Hackers target Washington election systems
Washington's voter registration system has been targeted by cyber attackers, state elections officials have told KUOW. Secretary of State Kim Wyman said Friday afternoon the attackers appeared to be the same people who targeted Arizona earlier this year.
The Associated Press is reporting that more than 20 states have been attacked.
High-ranking Democrats on Congressional intelligence committees said last week that Russian government hackers are making a concerted effort to interfere with this year's elections.
The attempted hack on Washington state’s system took place in August and was unsuccessful, Wyman said.
“They weren’t able to get past the initial firewall, but there are other layers of security beside that,” she said.
On Monday, the state signed a contract with the Department of Homeland Security’s National Cybersecurity & Communications Integration Center to help protect the systems that handle voter registration and count ballots.
On Tuesday, Homeland Security Secretary Jeh Johnson said 18 states had asked the Department for help fending off hackers.
Washington state officials said our state was the first to ask DHS for this type of help.
Wyman told KUOW that, following the attacks against Arizona, Washington state officials dug through their computer logs. They discovered that the attempt to bypass the state's firewall had come from the same Internet addresses as the Arizona attack.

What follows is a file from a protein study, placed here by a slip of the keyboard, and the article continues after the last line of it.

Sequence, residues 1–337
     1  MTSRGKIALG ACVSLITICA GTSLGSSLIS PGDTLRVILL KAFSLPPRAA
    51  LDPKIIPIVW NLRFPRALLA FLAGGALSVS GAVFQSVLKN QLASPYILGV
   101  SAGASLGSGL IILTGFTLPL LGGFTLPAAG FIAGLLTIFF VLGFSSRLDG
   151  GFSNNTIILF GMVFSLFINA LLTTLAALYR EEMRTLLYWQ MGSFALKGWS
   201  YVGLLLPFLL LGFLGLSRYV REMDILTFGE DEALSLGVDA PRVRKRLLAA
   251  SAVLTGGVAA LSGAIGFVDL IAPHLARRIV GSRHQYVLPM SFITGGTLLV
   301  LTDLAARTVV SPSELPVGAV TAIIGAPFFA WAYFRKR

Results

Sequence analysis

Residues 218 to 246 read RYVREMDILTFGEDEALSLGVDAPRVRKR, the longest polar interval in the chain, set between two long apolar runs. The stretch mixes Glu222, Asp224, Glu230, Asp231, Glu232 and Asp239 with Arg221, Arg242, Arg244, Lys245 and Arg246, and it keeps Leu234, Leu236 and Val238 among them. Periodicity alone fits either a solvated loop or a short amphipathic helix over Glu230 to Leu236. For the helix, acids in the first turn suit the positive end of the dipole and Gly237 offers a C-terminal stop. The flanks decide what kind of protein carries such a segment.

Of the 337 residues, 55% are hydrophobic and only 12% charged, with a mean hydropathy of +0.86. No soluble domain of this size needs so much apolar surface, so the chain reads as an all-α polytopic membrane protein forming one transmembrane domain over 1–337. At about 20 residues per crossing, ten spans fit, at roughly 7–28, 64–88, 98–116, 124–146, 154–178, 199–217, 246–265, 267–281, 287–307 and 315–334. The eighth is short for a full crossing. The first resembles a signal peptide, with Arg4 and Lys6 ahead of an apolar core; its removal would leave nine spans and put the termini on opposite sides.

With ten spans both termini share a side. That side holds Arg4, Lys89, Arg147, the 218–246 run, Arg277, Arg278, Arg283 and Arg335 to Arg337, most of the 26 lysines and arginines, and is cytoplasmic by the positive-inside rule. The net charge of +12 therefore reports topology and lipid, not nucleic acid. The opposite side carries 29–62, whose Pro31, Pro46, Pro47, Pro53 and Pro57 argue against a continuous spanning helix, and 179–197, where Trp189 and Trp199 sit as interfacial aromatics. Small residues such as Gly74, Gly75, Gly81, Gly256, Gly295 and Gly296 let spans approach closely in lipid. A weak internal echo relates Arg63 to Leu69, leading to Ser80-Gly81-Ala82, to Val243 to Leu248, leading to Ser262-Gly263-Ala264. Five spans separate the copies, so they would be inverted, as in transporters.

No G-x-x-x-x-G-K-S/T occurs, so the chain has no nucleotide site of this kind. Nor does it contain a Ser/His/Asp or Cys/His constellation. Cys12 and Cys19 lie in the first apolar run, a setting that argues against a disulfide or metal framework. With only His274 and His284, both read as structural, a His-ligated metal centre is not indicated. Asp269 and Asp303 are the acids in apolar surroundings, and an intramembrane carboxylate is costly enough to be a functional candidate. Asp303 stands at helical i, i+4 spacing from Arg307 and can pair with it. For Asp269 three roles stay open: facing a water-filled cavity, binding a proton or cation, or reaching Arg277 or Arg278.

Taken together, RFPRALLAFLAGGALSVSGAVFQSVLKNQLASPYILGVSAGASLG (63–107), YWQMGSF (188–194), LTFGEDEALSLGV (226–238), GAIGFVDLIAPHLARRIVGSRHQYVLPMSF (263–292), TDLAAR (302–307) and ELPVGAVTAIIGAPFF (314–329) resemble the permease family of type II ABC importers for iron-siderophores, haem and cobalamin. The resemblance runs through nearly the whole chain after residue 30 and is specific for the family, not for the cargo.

Security measures for Washington’s election systems include the physical – like biometric locks on the rooms where votes are counted – and the virtual – like not connecting counties’ ballot tabulation systems to the Internet. Security experts consider the latter practice, known as an air gap, a crucial step in defending highly valuable systems.
Wyman said state and county officials have been taking cybersecurity seriously for years. She said that DHS officials are already on the ground in Washington State, and that they’re making training and support available to the state's 39 counties, which are responsible for counting ballots.
“Every county in the state is taking this as seriously as we are and really wants to protect our voting system,” Wyman said.
Pierce County election officials told KUOW this week they had never audited their network’s air gap to confirm that the gap was working.
After KUOW’s inquiry, Pierce County Auditor Julie Anderson said an independent third-party audit of their network’s air gap would be conducted by early next week.